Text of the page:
While this is extremely low-paying writing work (starting at 3.2 cents per word), you have the flexibility to do as few as ten product descriptions per week, so this qualifies as one of these part time jobs from home. The product descriptions are only 50 to 60 words in length, so doing these quickly is a possibility. Crowd Content pays every other Friday provided you've earned at least $10 for the pay period. No prior professional writing experience is necessary, but they do want writers who have a good understanding of AP Style.
As of 2012, estimates suggest that over fifty million U.S. workers (about 40% of the working population) could work from home at least part of the time, but in 2008 only 2.5 million employees, excluding the self-employed, considered their home to be their primary place of business. The number of employees reported to have worked from their home "on their primary job" in 2010 has been reported as 9.4 million (6.6% of the workforce), though, this number might include the self-employed. As of 2017, roughly 3.7 million employees—2.8% of the workforce—work from home at least half the time, Global Analytics Workplace reports. Very few companies employ large numbers of home-based full-time staff. The call center industry is one notable exception: several U.S. call centers employ thousands of home-based workers. For many employees, the option to work from home is available as an employee benefit but most participants only do so a fraction of the time. Top paid among work-from-home sectors are home-based physicians and radiologists in which it is suspected that they earn near the $1,975 median weekly income of physicians, as reported by the U.S. Bureau of Labor Statistics, making it a six-figure job. Studies show that at-home workers are willing to earn up to 30% less and experience heightened productivity.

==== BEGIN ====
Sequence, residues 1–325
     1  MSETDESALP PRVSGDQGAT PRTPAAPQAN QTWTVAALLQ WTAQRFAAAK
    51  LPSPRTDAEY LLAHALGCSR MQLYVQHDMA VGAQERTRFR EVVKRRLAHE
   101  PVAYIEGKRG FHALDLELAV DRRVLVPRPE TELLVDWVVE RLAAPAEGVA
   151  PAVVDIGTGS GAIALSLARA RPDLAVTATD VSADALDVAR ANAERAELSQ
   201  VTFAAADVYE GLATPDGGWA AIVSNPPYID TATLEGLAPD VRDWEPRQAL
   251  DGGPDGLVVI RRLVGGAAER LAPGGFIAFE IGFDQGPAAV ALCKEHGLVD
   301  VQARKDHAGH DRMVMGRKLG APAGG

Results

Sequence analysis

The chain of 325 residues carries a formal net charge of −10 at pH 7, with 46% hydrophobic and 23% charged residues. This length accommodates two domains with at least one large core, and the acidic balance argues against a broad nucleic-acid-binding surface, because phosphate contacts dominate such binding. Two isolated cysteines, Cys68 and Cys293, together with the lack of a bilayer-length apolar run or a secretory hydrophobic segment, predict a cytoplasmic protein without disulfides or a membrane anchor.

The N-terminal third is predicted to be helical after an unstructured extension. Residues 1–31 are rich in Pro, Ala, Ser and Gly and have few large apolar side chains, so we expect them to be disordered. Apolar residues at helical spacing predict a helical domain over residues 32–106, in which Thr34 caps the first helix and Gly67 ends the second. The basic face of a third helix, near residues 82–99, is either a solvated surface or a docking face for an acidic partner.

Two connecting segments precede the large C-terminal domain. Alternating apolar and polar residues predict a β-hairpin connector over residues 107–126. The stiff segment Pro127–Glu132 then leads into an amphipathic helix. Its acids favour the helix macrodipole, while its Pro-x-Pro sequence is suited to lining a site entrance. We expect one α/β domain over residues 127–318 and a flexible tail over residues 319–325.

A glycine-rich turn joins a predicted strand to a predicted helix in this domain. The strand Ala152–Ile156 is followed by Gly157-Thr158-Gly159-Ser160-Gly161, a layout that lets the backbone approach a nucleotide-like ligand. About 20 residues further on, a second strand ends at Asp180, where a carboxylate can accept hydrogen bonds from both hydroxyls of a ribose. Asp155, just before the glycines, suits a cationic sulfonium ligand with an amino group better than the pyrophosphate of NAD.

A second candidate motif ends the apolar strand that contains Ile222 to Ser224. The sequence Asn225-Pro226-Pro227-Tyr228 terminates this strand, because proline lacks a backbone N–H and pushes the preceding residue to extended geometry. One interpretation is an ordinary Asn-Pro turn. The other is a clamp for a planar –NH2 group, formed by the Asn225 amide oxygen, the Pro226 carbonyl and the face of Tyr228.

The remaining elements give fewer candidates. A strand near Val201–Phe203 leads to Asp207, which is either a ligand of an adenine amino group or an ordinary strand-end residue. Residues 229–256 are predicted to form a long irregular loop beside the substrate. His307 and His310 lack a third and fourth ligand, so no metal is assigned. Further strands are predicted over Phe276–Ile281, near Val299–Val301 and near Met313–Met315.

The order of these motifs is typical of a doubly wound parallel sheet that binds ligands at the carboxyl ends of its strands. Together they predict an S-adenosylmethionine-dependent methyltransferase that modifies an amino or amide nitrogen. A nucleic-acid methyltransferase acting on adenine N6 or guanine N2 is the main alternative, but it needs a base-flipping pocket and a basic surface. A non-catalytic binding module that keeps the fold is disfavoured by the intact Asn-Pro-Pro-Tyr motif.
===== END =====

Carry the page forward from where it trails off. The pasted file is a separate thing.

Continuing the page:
The online application process for these jobs—or perhaps “gigs” is the better word, since they're all for independent contractors—is pretty simple and straightforward with very little required of candidates. Some of these opportunities—like the micro-jobs—you could very well apply and start the same day. And these jobs require very little commitment and can typically be done on your own schedule.
If you spent your high school or college years working at a restaurant and miss the bustling hubbub of the service industry, use your experience to be a "virtual server" for Restaurant Revolution, a company that provides remote reservation and takeout help to restaurants chains across the country. Working from the comforts of home, you'll take customer calls and handle food orders so that on-site staff can focus on their customers instead of fielding phone calls.
Think long and hard before shelling out any money: Some work-at-home jobs will require you to purchase materials or equipment to get started, and while that doesn’t mean they’re not legitimate, it should be a red flag. If you are asked to pay for equipment, make sure you understand what you’re buying, and from whom. Also ask about the return policy for your equipment if your new gig doesn’t work out.
Nowadays, people are going online to find experts at things they themselves may be struglging with. A growing trend is hiring an expert versus hiring a large company to come in and help fix problems. One resource is Catalant, which hires out experts from $15 an hour to $280 an hour. That's one option if you're looking to help others with your knowledge.